Five years ago the veterinarian had given the horse a year to live. Five years later, he has finally reached his limit. Excellent (the name of the horse) has melanomas. These are round, black tumors that commonly grow in the skin and mostly effect grey horses. In fact, most grey horses over the age of 15 will form melanomas. They occur most commonly near the eyelids, salivary glands, genitals and around the anus. Most of the time these tumors are benign and do not cause trouble.
For Excellent however, his poor prognosis five years ago was because his case was one of the worse that the vet had ever seen. Melanomas covered his genitals and anus, in addition to more on his body, eyelids, and neck. Five years ago it was bad, however, within the past year, the size of the melanomas had doubled. The veterinarian also suspected that the melanomas were growing in his colon. This has caused him to have difficulty evacuating his bowels. Twice in the past week, he needed help to clear his stools.
It is for this reason that Excellent will be euthanized. This is my first experience with a patient who was getting euthanized for preventive reasons. The client does not want to come into the barn and meet the horse in pain due to an impaction colic. Other than his recent difficulty urinating and evacuating, Excellent has been a happy horse, active, enjoying treats, and nickering at you to say hello when you enter the barn.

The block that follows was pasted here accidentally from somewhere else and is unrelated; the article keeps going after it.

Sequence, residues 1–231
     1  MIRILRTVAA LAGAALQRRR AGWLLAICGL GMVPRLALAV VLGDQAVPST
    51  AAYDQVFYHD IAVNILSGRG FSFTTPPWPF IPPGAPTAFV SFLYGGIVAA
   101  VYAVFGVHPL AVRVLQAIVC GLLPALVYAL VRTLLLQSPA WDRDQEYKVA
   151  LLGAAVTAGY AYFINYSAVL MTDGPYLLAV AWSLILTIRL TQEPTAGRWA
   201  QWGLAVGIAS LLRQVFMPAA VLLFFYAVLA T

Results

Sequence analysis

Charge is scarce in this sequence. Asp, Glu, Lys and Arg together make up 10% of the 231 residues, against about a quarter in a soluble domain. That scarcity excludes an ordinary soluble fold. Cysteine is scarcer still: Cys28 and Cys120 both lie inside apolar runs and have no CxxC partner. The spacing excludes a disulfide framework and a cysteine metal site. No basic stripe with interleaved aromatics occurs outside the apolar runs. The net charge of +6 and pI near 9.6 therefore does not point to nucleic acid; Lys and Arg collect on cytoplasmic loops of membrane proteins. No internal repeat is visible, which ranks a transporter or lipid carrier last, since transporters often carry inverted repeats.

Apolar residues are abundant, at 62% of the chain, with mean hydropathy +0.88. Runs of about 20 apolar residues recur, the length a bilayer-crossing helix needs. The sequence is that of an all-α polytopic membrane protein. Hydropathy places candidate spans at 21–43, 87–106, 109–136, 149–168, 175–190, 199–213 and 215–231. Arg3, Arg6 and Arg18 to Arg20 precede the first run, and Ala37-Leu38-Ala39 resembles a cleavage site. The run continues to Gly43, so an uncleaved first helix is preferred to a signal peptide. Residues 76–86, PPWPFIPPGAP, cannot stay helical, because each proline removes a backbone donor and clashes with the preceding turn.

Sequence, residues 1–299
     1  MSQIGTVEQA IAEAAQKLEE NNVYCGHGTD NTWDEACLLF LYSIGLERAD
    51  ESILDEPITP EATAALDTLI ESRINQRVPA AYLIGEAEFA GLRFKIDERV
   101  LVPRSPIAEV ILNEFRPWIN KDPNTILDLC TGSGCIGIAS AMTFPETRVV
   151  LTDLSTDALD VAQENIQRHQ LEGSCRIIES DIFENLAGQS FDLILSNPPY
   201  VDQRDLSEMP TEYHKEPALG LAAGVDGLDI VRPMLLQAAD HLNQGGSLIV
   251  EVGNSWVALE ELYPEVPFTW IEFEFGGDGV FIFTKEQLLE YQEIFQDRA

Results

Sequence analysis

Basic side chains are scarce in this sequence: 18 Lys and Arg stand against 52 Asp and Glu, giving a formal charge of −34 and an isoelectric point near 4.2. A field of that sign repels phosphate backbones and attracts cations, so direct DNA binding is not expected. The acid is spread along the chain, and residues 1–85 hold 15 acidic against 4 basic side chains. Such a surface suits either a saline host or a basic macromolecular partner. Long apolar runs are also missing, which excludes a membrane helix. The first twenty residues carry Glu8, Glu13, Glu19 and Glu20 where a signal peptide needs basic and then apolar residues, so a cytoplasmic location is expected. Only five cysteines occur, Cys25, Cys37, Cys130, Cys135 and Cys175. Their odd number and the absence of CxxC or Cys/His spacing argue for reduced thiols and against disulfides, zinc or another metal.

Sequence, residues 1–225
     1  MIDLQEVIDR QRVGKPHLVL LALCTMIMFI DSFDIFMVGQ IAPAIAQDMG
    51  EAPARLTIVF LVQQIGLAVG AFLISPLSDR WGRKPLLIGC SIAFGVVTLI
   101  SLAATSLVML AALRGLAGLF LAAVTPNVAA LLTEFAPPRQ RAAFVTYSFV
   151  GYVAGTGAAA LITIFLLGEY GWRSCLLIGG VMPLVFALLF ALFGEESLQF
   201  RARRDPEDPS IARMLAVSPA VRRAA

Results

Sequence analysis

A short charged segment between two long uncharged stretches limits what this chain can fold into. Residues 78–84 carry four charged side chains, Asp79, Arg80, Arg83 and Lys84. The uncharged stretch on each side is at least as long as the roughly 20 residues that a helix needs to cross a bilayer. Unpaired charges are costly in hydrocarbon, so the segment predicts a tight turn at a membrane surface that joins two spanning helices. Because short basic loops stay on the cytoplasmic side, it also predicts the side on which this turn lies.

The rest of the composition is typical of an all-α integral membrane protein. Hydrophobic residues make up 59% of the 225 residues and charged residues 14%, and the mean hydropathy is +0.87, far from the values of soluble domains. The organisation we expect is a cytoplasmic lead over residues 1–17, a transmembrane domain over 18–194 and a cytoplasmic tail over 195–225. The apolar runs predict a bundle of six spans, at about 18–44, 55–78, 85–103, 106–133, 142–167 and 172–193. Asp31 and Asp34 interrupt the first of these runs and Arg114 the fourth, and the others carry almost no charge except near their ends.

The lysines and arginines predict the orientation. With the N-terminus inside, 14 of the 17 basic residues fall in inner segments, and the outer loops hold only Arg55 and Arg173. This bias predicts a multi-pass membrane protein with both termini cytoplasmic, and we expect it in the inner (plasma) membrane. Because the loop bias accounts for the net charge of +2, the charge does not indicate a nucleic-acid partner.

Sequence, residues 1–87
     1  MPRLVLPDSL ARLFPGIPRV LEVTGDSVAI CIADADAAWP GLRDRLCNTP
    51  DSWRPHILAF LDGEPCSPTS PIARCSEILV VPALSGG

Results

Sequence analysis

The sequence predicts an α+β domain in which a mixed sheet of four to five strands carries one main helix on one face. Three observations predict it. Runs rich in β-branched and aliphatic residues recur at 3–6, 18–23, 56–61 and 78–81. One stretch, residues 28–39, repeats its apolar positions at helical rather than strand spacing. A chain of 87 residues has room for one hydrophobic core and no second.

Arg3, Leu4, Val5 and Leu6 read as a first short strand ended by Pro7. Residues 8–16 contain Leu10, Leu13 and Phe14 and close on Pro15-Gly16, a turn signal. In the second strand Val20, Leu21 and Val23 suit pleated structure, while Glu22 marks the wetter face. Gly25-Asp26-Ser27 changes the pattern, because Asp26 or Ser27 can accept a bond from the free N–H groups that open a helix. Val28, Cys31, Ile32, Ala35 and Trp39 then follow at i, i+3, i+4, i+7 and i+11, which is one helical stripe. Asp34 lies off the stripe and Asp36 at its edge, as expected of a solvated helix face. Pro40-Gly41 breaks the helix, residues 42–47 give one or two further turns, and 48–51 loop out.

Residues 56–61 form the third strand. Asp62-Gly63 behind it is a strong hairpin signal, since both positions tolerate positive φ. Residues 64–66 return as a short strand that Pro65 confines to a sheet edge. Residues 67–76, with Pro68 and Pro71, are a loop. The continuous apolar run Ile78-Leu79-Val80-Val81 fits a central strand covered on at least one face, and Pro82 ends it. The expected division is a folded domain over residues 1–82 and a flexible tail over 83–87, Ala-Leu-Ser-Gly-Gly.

This is why it is difficult for me. I see a horse who still has the potential to be happy, not a horse who someday might be in pain. When I saw the list of signs I understood, but still part of me disagreed. I’d been taking care of this horse for five years, and it’s difficult to say goodbye.
It seems unfair that Excellent has to deal with this, something that most horses live their whole lives with. He will be euthanized at the veterinary hospital, which is also a university for future veterinarians and vet techs. They want to look at what happened with him and where the melanomas are growing inside. They want to learn from him because he is the worst cases that anyone there has ever seen.
Maybe this makes me feel better, that someone can learn from him. Logic and emotions still battle in my mind. In this field, it’s something I should get used to and ultimately it’s not my decision. In the end, it’s still the best decision for the animal…even if I don’t believe that right now, maybe one day I will.